From the outset, she persuaded him aggressively. In his telling, their affair began almost against his will. He fled to Berlin, and that across the Europe-she followed him. He would refuse to see her, and then succumb.

Reconstruction of their tormented relationship has relied on Munch sometimes conflicting, but far from disinterested accounts. The Dance of Life (1899-1900), an homage of their relationship, set on midsummer’s night in Aasgaardstrand, the seaside village where he was with Millie Thaulow, and where he had a tiny cottage.

A vacant-eyed male character, at the center of the painting, representing Munch himself, dances with a woman in red dress- probably Millie. Their stiff bodies maintain an unhappy distance, and their eyes do not meet.

Tulla Larsen can be seen to the left, in a white dress, golden-haired, smiling benevolently. She appears again on the right side, but this time in a black dress; her countenance as dark as her dress with her eyes downcast in bleak disappointment.


Larsen longed for Munch to marry her. Hesitating, even he went so far as to make a grudging proposal, he finally escaped from her to Italy and eventually to Berlin, in 1902, to stage The Frieze of Life Exhibition.

The same year, in summer Munch returned to his cottage in Aasgaardstrand, seeking peace but drinking heavily and brawling publicly; he failed to find it.

After more than a year’s absence Tulla Larsen reappeared in his life. Firstly, Munch had ignored her overtures, until her friends informed him that she was in a suicidal depression and taking large doses of morphine, he agreed to see her.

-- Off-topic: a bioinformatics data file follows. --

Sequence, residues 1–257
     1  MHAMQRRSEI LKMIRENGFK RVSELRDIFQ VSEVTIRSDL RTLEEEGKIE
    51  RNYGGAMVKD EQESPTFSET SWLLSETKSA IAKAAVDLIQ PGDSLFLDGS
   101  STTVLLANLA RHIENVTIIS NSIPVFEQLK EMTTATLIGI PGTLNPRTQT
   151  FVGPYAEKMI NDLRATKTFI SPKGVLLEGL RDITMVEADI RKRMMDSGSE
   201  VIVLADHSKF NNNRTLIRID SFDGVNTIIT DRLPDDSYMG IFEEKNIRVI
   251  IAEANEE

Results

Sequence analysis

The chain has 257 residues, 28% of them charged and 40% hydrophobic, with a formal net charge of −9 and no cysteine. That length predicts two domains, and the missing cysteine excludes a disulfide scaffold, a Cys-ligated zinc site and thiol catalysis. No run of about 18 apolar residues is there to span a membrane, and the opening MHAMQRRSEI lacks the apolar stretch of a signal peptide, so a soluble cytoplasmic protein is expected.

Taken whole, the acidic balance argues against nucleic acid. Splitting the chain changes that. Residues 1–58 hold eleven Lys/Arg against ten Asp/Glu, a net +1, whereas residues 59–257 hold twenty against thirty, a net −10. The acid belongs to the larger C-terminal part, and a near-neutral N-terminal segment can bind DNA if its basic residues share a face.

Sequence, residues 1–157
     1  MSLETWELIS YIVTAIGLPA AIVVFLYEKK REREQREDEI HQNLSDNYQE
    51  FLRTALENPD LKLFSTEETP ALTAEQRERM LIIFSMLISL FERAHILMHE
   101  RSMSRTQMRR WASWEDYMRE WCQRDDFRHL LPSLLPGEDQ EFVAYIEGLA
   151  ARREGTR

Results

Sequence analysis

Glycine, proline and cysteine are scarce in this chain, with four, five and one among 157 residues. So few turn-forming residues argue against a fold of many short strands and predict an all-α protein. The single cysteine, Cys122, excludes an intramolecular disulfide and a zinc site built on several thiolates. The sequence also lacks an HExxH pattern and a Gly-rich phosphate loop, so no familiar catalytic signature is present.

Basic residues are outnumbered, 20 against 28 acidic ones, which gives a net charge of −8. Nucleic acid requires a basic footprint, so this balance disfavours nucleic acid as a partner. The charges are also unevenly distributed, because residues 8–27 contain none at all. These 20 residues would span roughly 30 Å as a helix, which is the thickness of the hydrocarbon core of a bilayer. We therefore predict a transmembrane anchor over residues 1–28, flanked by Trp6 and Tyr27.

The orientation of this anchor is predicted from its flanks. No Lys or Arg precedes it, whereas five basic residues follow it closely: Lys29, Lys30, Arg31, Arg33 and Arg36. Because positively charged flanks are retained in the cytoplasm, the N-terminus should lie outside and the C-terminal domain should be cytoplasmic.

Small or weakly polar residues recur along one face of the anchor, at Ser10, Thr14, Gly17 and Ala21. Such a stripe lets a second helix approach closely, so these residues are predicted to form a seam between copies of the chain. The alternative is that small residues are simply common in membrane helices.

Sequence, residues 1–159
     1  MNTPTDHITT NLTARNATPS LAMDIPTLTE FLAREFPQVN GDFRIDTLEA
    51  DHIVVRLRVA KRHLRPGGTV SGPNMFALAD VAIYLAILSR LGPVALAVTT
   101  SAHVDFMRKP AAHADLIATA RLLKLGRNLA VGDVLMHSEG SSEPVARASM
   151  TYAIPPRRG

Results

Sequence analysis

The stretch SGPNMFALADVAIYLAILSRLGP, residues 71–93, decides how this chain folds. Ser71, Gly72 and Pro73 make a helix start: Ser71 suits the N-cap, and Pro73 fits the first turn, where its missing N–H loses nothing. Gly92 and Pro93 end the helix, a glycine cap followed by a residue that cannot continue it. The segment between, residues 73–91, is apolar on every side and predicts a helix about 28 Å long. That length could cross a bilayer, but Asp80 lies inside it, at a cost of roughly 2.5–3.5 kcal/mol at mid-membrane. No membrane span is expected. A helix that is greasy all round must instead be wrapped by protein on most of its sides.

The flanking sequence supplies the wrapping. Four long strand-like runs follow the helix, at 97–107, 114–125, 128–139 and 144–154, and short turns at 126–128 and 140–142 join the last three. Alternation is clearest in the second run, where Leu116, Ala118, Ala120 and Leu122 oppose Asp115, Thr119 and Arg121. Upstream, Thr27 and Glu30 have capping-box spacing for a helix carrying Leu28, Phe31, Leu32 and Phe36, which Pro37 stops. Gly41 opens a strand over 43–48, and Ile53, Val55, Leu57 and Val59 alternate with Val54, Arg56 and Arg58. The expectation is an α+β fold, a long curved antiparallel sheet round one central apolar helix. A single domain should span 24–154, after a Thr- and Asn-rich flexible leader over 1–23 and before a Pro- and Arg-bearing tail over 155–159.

There was a quarrel, and the full story is unknown; somehow, he shot himself with a revolver, losing part of a finger on his left hand and also inflicting on himself a less obvious psychological injury. His anger intensified when Larsen, short time later, married an artist.

For instance, in his painting Golgotha (1990), prone to exaggerated feelings of persecution, he depicted himself nailed to a cross, magnified the fiasco in his mind, until it assumed an epic scale.

In the next few years, his drinking, which had long been excessive, grew uncontrollable. He wrote in his journal that ‘’ the rages were coming more, and more often now’’. Anguished as he was, he still managed to produce some of his finest work: Self- Portrait with a Bottle of Wine ( 1906) and tableau, executed in several versions, in which he uses himself as the model for the slain French revolutionary Marat, and Tulla Larsen is cast as Marat’s assassin.


In the fall of 1908, Munch collapsed in Copenhagen. Hearing hallucinatory voices and suffering paralyses on his left side, he was persuaded by his old roommate from Paris, Emanuel Goldstein to check himself into a private sanatorium on the outskirts of the city.